The Cook Book
Recipe for the week of December 12  18
Phase Separation in a Nonlinear Voter Model
 We learned this twoparameter family of voting rules
(1 = red = Republican, 0 = blue = Democrats) from Jane Molofsky, Rick Durrett and
Si Levin. The neighbor set is 'von Neumann' (N,S,E,W, and
Center). p(k) is the probability that the voter at x
takes opinion 1 next time when k voters in the neighborhood
(x included) have opinion 1 this time. By assumption,
p(0)=0 and p(5k)=1p(k), so that the rule is symmetric
with 'all 1's' and 'all 0's' as traps.
 This soup shows phase separation in the Nonlinear Voter Model with
parameters p(1)=.31, p(2)=0, at time 2000 on a 500x400 array. The system,
which started from uniform symmetric 2color noise, is clearly
clustering. But each cluster (predominantly Republican, predominantly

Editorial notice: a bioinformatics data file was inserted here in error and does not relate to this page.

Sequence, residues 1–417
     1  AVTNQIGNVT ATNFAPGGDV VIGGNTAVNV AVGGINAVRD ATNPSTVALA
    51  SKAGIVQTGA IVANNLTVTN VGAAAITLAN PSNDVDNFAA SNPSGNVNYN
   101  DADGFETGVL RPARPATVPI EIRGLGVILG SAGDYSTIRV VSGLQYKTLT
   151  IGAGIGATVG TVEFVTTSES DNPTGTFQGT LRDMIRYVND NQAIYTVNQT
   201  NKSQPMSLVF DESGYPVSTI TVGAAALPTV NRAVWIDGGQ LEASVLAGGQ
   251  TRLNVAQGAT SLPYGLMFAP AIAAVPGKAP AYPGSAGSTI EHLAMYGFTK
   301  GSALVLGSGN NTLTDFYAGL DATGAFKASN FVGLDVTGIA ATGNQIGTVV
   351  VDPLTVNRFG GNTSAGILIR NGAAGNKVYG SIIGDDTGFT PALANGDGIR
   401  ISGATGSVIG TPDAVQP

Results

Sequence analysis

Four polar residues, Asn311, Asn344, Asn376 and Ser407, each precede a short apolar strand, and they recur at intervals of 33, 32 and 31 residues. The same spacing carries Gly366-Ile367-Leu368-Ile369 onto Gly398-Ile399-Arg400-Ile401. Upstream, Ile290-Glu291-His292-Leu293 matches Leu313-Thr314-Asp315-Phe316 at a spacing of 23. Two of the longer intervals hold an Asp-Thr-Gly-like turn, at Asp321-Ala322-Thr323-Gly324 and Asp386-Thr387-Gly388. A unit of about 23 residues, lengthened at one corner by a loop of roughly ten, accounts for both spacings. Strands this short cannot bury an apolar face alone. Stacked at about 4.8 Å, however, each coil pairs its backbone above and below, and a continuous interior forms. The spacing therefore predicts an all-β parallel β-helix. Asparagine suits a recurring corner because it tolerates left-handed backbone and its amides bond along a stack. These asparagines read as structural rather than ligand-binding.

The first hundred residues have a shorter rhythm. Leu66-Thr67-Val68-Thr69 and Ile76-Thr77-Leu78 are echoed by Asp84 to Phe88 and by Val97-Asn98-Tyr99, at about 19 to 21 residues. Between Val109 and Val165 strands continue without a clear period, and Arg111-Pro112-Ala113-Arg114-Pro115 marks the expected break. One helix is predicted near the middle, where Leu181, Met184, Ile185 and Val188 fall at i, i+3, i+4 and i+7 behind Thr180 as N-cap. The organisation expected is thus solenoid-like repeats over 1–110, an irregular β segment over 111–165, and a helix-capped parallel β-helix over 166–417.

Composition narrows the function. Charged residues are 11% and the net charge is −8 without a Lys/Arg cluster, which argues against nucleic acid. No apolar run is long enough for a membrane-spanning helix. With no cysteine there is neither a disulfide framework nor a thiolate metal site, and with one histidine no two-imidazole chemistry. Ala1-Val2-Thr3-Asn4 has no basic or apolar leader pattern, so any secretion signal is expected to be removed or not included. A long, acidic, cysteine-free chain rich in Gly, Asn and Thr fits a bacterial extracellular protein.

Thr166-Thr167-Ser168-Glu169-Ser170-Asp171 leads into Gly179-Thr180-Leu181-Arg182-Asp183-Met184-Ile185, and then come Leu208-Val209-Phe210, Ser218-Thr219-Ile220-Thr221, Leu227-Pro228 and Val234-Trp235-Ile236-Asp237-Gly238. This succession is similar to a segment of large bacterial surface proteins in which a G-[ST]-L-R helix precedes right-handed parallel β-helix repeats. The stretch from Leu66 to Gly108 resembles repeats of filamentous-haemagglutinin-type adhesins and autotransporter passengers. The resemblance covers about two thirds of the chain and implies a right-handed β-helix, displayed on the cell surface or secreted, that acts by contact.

Democrat) is sprinkled with a minority representation of the opposite
opinion. Similar behavior arises in certain stochastic Ising models and perturbed majority vote systems, but this is the first 2state nearest neighbor example we know of in which the total consensus states are absorbing.
 Nontrivial phase separation occurs in a remarkably small region of
the (p(1),p(2)) NLVM phase space  less that 1/4 of 1% of the unit
square. We have made a careful empirical estimate of the phase boundaries
based on extensive CAM8 experimentation. The resulting phase portrait is
shown in vmphases.gif. Note the miniscule
'Bermuda triangle' of coexistence.